Finding Pavarotti in Western Zambia



The pontoon boat Pavarotti.
Courtesy of Carl Henn

The Pavarotti could take large quantities of food and small vehicles.
Courtesy of Carl Henn

When not carrying food, the boat could accommodate about 100 people at a time.
Courtesy of Carl Henn

Imagine my surprise when, on a routine visit to the Angolan refugee camp on the giant floodplains of the Zambezi River in western Zambia in early 2006, I ran into … Pavarotti.

The startling experience throws some light on the often highly complex arrangements involved in getting food aid to refugees, as well as the type of global conflict and postconflict resettlement efforts in which America is involved.

In addition to my other work at USAID Zambia, I had been designated the Mission Food-for-Peace officer supporting Angolan refugee feeding programs. There were more than 450,000 Angolan refugees at the height of the civil war in Angola that began in 1975. Many of the refugees had fled into Zambia over a period of years as the long, brutal civil war dragged on.

Although the war ended in 2002, convincing all the refugees to return home was a complex process that ended up taking years. Refugees had legitimate reasons to fear for their lives. Angola had been heavily mined.

It was dangerous for farmers, children, vehicles, essentially everyone and everything. Farmers might lose a leg while planting or harvesting crops. Children could be killed just trying to play soccer. On the road, a vehicle might hit a hidden mine at any time.

In 2006, 75,000 refugees were still in the camps. USAID was one of three major international relief agencies involved in supporting refugees and the major donor to the World Food Program (WFP) that has the mandate to supply food aid.

I visited the refugee camps with representatives from the U.N. High Commission for Refugees (UNHCR), which established and managed the camps; the WFP, which imported American food aid; and the Zambian Ministry of the Interior, which ensured security.

My job was to make sure American food aid reached the refugees, was distributed properly, and was not being resold or diverted. We also sought to maintain the peace between the refugees and the local population, which resented “foreigners” receiving free food and lodging.

Two Angolan refugee camps were located on the huge Barotse floodplain. UNHCR was trying to close the more remote Nangweshi Camp and move the remaining refugees to Mayukwayukwa Camp, which was more accessible for delivery of food aid and other supplies and services.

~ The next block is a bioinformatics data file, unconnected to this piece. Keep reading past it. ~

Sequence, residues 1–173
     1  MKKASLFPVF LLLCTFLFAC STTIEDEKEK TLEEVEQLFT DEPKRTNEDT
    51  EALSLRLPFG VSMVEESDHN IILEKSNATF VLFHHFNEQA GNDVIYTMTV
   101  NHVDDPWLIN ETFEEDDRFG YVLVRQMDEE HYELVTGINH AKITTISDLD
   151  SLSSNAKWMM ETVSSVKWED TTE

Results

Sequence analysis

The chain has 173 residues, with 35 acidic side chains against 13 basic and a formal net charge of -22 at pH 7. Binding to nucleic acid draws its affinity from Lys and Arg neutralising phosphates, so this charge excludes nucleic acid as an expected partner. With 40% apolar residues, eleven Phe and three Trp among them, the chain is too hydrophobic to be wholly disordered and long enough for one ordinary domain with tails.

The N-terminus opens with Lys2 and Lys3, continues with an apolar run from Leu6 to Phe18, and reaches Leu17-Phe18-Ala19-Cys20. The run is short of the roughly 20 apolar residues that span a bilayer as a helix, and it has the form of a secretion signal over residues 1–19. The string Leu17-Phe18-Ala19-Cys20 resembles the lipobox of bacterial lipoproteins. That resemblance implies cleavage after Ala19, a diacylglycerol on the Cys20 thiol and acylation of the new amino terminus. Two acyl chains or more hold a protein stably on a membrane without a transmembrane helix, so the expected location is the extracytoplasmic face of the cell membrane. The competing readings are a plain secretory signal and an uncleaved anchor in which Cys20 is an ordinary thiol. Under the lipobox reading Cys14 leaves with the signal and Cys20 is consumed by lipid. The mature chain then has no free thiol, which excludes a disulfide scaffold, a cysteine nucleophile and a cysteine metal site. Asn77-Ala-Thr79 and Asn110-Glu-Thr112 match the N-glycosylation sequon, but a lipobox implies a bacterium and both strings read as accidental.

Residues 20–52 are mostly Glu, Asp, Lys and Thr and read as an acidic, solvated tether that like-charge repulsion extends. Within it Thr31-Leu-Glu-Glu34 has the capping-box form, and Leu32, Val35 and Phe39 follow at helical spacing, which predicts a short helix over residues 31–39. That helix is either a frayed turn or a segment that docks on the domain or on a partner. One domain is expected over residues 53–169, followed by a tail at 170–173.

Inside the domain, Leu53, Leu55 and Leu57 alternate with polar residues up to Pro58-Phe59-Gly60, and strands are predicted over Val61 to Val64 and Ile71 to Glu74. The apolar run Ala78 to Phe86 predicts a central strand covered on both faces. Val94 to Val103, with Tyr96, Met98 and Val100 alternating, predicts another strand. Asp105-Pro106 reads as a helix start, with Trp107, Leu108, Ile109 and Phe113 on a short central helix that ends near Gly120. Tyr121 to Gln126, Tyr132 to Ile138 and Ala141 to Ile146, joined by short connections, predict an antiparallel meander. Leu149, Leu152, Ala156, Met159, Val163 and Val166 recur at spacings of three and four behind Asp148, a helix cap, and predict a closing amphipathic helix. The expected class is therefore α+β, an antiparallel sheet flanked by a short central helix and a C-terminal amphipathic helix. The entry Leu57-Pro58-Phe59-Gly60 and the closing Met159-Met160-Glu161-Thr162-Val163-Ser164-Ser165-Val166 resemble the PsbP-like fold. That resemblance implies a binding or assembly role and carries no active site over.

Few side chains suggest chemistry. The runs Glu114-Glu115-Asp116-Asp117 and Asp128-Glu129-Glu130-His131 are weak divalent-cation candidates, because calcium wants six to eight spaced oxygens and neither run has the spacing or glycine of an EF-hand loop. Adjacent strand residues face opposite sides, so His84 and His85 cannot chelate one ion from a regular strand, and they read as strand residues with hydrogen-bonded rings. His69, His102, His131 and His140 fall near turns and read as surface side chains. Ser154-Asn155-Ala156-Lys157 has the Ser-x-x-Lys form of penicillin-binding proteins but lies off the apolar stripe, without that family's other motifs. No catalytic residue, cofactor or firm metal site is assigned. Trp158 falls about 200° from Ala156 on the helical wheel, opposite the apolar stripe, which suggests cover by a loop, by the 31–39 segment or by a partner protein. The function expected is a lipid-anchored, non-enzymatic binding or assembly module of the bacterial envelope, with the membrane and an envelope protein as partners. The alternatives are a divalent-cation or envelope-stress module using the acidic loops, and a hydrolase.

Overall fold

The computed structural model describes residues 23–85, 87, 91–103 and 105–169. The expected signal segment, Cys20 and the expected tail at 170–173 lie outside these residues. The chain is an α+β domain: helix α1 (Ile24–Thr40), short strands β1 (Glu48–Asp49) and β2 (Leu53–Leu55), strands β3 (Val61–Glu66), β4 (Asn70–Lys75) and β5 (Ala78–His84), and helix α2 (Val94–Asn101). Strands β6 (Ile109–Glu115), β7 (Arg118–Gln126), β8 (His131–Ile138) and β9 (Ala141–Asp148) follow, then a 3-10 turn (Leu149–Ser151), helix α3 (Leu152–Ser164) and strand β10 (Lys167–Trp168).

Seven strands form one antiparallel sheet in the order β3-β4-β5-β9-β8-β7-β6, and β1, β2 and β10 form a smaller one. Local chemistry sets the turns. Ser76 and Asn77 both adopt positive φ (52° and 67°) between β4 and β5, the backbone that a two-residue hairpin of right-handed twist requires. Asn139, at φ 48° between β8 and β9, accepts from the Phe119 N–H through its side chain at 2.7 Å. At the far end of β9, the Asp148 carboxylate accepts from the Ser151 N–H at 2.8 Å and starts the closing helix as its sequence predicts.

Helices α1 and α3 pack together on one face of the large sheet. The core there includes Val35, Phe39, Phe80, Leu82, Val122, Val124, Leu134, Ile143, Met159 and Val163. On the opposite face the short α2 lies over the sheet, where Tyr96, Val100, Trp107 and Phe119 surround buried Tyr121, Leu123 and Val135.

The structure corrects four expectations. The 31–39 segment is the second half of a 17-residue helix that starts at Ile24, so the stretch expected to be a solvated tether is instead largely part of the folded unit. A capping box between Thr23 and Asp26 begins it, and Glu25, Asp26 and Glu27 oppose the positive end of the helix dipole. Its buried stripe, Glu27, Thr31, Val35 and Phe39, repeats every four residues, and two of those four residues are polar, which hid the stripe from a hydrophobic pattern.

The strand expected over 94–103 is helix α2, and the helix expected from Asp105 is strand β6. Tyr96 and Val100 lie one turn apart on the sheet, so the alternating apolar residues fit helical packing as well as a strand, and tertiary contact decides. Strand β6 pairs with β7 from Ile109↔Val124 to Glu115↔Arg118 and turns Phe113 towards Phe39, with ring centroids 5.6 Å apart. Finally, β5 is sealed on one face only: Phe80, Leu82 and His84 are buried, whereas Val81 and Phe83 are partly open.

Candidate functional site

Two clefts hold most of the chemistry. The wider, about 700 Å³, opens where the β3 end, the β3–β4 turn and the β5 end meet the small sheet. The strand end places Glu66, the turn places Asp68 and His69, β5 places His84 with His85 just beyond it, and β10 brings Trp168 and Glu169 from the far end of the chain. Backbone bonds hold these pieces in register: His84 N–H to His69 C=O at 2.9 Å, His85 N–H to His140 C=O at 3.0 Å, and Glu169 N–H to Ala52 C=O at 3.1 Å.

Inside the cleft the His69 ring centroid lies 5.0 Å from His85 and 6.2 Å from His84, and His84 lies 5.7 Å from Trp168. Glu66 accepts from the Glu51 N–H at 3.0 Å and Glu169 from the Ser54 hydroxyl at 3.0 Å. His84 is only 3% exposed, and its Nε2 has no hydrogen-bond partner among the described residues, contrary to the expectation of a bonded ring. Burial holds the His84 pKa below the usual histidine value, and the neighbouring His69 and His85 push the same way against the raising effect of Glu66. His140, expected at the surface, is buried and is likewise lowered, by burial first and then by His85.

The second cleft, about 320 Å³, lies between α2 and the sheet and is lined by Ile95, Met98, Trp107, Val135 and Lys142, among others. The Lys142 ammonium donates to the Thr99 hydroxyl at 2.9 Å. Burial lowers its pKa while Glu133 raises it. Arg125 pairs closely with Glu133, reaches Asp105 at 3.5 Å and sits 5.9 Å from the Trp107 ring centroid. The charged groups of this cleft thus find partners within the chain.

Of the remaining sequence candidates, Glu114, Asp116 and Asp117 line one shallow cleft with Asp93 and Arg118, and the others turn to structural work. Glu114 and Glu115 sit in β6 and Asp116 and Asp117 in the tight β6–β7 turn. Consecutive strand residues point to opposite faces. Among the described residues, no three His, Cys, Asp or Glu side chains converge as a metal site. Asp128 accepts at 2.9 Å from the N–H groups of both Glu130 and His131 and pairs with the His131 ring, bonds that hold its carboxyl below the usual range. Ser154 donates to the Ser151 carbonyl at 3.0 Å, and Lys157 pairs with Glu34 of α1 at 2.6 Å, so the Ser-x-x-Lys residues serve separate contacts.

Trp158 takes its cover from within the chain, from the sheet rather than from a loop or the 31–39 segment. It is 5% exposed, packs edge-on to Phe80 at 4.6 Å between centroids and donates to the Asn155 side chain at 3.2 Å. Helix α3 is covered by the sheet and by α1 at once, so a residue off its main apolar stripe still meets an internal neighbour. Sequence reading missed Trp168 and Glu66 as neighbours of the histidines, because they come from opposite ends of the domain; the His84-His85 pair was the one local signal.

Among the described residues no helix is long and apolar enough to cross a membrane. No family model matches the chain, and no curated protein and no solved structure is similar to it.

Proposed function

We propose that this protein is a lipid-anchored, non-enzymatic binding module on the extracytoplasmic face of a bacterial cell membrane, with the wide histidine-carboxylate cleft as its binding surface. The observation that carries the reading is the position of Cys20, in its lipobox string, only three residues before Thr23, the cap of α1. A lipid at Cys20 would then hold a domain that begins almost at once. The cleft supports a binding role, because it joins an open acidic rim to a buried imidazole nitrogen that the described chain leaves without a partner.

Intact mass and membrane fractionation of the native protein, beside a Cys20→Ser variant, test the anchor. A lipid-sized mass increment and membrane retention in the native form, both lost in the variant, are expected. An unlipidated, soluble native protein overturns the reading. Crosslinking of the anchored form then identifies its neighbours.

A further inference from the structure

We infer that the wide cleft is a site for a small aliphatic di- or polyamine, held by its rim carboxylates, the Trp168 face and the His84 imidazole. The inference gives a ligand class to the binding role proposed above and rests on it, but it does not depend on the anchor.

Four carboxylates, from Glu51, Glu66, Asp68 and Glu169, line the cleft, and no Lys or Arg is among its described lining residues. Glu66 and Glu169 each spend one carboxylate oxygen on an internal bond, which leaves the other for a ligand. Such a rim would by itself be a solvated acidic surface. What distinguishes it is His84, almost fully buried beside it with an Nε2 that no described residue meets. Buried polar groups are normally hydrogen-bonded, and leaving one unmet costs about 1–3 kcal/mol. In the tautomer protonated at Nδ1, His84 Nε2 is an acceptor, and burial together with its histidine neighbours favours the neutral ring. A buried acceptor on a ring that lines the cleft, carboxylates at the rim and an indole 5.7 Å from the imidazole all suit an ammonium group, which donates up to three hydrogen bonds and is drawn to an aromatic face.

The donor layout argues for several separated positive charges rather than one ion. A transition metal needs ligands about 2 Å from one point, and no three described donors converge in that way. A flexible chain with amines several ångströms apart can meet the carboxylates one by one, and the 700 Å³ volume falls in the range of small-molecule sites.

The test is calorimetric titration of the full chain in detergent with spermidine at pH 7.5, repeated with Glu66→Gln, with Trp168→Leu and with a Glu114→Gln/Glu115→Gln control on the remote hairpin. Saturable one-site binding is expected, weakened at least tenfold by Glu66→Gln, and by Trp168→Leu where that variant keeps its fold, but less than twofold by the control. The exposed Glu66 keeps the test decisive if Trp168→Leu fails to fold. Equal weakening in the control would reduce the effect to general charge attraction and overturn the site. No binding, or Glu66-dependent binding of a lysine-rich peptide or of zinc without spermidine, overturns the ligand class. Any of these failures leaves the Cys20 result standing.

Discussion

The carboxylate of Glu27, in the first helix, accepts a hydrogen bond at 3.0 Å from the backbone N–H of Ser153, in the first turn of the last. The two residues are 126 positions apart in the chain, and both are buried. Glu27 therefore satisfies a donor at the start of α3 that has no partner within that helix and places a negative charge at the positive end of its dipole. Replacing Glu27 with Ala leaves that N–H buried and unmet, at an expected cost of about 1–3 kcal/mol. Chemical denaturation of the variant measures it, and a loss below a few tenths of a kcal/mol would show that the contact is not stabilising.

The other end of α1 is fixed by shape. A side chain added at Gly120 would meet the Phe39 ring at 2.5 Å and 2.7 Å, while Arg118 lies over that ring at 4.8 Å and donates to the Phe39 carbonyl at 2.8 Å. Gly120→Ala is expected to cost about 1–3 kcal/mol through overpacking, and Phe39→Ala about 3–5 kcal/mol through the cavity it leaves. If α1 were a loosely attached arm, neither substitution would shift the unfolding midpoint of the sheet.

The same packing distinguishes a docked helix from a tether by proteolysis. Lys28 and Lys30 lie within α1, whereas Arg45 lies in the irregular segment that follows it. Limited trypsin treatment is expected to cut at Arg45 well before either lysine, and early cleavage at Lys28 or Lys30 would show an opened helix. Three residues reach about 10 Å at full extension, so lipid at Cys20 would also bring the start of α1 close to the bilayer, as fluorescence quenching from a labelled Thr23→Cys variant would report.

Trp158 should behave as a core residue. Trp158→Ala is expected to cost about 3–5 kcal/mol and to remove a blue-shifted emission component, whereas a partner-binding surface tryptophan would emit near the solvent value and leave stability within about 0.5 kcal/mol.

Getting the food to the camps was a challenge. There was no bridge across the Zambezi River to the refugee camps. The Zambezi overflowed its banks from January to March at the peak of the annual flood following the end of the rainy season. During those several months, the river flooded the plains, submerging the only road and making it impassible.

UNHCR had to find a way to float the food commodities across on boats. Food aid is bulky and heavy (50-pound bags of cornmeal, large tins of oil, and 25-pound sacks of beans). The small local boats, mostly dugout canoes, could only transport a relatively tiny amount of food.

That’s where Luciano Pavarotti comes in; the renowned opera singer was also a goodwill ambassador for the UNHCR. A charity named “Luciano and Friends” did a refugee benefit concert in May 2002 and raised enough money to donate a cargo boat. Pavarotti asked UNHCR if he could name it after his father, Fernando Pavarotti, who had just died.

To get the metal cargo boat to where it was needed, it had to be cut into sections and transported thousands of miles from the coast, then reassembled on-site. A pontoon boat, it was a cheap, efficient way to float up to 63 metric tons at a time across the river. The boat could also transport small vehicles; and when not transporting food, it had enough deck space to take about a hundred refugees at a time.

I had certainly not expected to see a boat named Pavarotti on the Zambezi River. But there it was.

We can be proud of the ingenuity of the various agencies and the generosity of the American people in supporting the refugees, who had no land to farm in Zambia and no other way to get food. Thankfully, all of them eventually moved back to Angola.

International aid sometimes works in strange ways and makes for strange bedfellows.

Carl William Henn worked for USAID Zambia from 2004 to 2010, serving as a Food-for-Peace officer to support Angolan refugee feeding in remote western Zambia across the Zambezi River. His primary assignment with USAID was HIV/AIDS prevention and treatment, but the job was expanded to include drought relief and refugee feeding. Prior to USAID Zambia, he worked for USAID Zimbabwe as a health officer. He later served with USAID Burundi, 2018-2019. He has recently taken early retirement to focus on writing a book about his experiences.


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